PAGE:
I grew up knowing rural, White-American midwestern culture. Since I wasn't really confronted with many other cultures or ethnicities growing up, I didn't have many conversations about them besides theoretical. My understanding of black Americans came primarily from the news and movies, which typically portrayed African Americans as gang members. However, our school system spent a lot of time teaching long units on the Civil War, MLK, and the civil rights movement of the 20th century. I graduated from high school with a very strong belief that racism was wrong, but without any practical experience with the issue.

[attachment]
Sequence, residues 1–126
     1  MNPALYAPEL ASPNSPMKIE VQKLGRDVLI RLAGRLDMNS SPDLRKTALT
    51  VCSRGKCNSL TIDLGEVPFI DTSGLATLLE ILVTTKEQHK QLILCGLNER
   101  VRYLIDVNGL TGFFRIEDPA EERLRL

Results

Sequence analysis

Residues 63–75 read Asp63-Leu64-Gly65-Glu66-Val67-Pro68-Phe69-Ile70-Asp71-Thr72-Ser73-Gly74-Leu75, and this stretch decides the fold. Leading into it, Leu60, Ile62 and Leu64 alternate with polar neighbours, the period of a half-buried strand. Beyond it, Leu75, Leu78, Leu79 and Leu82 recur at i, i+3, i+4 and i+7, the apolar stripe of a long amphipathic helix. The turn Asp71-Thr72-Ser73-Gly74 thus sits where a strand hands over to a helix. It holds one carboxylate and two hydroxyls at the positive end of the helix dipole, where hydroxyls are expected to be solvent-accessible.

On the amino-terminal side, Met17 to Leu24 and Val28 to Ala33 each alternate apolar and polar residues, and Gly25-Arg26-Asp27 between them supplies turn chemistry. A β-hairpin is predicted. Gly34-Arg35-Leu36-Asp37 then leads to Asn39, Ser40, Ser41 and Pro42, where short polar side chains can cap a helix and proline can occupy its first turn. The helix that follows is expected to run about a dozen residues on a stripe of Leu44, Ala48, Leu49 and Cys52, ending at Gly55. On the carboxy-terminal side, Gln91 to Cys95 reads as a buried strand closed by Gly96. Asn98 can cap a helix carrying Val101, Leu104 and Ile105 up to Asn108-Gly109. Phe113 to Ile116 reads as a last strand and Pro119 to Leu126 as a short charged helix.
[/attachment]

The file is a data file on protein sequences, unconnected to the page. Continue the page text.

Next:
I went to a small Christian college about an hour south of Chicago. While it was still a predominately white college, there were at least a few more African American students than I had been with growing up. I found myself experiencing feelings of fear or discomfort when I was around these classmates that dressed in (what I had learned from TV to call) "gang clothing" - baggy pants, over-sized basketball jerseys, sideways hats and chains.
It wasn't that I was afraid something was going to happen to me. The problem was I just didn't know what was going to happen in those interactions. I have the same feeling when I find myself in a room of people so different than myself that I don't even feel like I can make small talk. I just felt so far removed from the culture of my black classmates.
Half-way through my freshmen year, I found a campus job. I worked for a Chicago-native African-American student. Sometimes he wore suits and dress clothes (which made me feel very comfortable) and sometimes he wore baggy pants, Chicago Bulls jerseys, and White Sox hats (not at the same time).